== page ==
Difficult People Can Be Messengers for Our Unhealed Parts

Friday, January 29, 2016 · 2 Comments

Teal Swan

We all have difficult people in our lives, it’s part of the human experience. Typically, we tend to see them as a nuisance, someone I have to put up with, or even avoid. This also comes with it’s suffering. I’m not familiar with the author of the quote above, but the message is worth being curious about.

What if we could change our perception to seeing the difficult people in our lives as messengers or teachers that arouse something inside of us that needs to be cared for or loved?

If we do this, might we become less reactive toward ourselves and other people and inevitably won’t this give a chance for more relationships to improve? Might it be easier to let go of bitter grudges and move toward strengthening mindfulness, self-compassion and forgiveness? This isn’t Pollyana, it’s a practical approach that can help us focus more on what matters in life.

But consider this, if relationships improve, might that support communities, regions and countries to improve?

Is it possible to set off a spark in this way that leads to not only the healing of our being, but the healing of humanity?

Whoa, that’s a bit too large to swallow perhaps, so let’s just begin with today and ourselves.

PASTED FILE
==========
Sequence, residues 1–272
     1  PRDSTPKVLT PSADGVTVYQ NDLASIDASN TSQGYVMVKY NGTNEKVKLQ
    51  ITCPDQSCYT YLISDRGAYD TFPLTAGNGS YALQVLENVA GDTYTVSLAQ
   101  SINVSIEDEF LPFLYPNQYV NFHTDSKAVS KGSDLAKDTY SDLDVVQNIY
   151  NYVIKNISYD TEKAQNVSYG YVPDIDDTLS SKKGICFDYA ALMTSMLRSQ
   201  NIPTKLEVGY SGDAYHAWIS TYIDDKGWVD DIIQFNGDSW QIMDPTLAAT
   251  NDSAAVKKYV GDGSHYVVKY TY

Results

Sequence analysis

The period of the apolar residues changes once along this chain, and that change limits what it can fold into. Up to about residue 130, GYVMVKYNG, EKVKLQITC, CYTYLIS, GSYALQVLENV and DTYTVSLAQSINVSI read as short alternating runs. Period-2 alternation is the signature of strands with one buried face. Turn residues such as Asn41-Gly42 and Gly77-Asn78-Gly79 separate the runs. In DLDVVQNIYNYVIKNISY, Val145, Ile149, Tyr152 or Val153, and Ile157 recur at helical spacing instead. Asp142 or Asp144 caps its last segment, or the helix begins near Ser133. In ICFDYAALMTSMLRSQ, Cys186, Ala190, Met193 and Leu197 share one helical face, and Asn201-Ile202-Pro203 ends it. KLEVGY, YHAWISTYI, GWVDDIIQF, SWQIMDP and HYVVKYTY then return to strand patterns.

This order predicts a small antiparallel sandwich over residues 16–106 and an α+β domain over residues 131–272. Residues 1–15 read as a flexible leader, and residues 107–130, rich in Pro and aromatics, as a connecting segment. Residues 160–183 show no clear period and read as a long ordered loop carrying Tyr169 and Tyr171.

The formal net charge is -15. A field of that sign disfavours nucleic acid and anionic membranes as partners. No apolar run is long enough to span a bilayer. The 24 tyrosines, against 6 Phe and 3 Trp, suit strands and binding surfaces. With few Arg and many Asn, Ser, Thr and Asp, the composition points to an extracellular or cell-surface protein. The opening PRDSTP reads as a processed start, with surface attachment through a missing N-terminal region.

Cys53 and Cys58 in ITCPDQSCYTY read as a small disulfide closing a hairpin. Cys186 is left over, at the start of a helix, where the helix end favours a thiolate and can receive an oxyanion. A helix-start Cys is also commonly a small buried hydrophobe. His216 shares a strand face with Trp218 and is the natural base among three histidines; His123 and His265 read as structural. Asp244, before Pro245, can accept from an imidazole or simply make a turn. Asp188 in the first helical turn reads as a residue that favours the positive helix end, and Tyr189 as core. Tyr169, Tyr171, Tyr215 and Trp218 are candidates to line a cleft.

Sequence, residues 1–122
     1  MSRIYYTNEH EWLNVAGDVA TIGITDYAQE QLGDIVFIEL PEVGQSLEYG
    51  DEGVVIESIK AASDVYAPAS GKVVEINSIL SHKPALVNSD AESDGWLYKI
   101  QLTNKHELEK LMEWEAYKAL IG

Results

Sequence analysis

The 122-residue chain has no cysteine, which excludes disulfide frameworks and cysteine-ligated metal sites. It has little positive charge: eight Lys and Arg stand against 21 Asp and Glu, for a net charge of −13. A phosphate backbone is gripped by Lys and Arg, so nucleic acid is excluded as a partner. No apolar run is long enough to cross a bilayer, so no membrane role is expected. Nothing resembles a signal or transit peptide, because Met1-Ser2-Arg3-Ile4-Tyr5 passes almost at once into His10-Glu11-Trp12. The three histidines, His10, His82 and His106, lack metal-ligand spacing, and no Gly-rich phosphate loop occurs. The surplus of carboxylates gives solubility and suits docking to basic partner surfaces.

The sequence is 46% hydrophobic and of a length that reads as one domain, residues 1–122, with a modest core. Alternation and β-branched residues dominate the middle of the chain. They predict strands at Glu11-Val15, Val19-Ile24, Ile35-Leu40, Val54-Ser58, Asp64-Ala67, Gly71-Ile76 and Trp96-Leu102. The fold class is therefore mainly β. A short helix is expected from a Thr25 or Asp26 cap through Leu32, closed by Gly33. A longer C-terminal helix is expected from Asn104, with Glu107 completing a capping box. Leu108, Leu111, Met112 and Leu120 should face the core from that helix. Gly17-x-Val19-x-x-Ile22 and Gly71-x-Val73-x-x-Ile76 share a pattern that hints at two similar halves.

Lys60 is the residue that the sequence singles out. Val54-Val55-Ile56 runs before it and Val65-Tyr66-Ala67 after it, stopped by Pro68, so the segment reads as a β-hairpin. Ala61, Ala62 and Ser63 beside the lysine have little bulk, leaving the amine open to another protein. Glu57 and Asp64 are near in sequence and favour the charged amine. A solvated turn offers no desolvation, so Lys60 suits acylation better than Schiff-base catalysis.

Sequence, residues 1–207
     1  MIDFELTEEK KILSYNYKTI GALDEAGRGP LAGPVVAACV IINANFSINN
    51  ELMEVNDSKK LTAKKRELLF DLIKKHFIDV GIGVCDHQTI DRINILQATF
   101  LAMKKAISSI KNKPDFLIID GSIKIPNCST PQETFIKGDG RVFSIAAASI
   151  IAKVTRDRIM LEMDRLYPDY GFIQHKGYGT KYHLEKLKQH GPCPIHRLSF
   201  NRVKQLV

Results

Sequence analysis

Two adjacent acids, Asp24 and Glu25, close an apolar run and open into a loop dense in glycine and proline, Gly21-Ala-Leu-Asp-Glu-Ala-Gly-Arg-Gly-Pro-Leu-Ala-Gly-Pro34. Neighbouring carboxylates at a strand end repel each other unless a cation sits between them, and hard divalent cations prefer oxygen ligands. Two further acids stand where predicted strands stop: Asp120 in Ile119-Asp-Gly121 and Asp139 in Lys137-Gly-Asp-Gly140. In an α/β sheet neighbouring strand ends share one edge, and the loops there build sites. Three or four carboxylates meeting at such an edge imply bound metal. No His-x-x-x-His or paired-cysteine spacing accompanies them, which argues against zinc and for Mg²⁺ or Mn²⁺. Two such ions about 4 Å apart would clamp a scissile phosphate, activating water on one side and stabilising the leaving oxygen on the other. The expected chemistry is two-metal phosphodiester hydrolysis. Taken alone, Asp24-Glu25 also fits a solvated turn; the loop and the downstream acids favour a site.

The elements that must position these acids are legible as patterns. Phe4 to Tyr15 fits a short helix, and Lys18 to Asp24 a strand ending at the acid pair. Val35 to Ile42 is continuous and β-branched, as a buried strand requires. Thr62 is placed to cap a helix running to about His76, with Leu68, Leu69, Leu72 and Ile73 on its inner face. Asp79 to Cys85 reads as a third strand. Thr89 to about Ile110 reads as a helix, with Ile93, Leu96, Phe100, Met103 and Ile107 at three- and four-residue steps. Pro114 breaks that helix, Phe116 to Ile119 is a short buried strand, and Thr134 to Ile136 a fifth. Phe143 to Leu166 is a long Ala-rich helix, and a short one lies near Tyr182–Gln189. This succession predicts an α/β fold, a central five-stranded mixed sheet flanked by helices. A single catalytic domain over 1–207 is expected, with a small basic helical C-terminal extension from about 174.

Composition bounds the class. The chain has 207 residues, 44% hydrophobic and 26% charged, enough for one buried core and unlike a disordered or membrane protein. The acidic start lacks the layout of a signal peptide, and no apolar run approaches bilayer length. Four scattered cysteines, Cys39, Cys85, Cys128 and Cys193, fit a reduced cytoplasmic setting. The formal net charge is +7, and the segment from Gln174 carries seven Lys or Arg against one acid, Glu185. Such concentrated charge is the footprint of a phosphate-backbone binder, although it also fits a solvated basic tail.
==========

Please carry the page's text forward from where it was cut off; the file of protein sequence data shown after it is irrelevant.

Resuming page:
Today, try this…

Let it be our intention going forward to regard people who trigger negative emotions in us as “messengers for the unhealed part of our being.” They are arousing something inside of us that is reaching out for self-love.

What if we just began practicing this in the same way that we practice riding a bike or playing piano? Is it possible that our brains will begin to memorize the procedure and it can start becoming automatic?

Can we get the neurons to fire together in this way and will they eventually wire together?

Try this out as an experiment and allow your experience to be the guide.

Warmly,

Elisha Goldstein

Author of Uncovering Happiness and co-author of MBSR Every Day

Adapted from Mindfulness and Psychotherapy

2 Comments

  1. Monta Breeden
    February 1, 2016 at 3:07 am

    I listened to your interview with Ashley Davis-Bush this morning then went to your website and read the quote by Ted Swan as well as read you comments. I am thinking about the triggering-people in my life and, yes, I think that they are indeed messengers and it is so clear to me now that when I encounter them or think of them and our last encounter and what that experience brought up in me it is very much the unhealed part of me that surfaces. Awareness, mindfulness is the first step in the healing process; once the wound is healed it can lend to a better relationship with my trigger-people until they are no longer my trigger. This could lead to a whole new way of interacting that could affect our communities in a very positive way. Practice.

    • Elisha Goldstein
      February 1, 2016 at 12:17 pm

      Thank you Monta!

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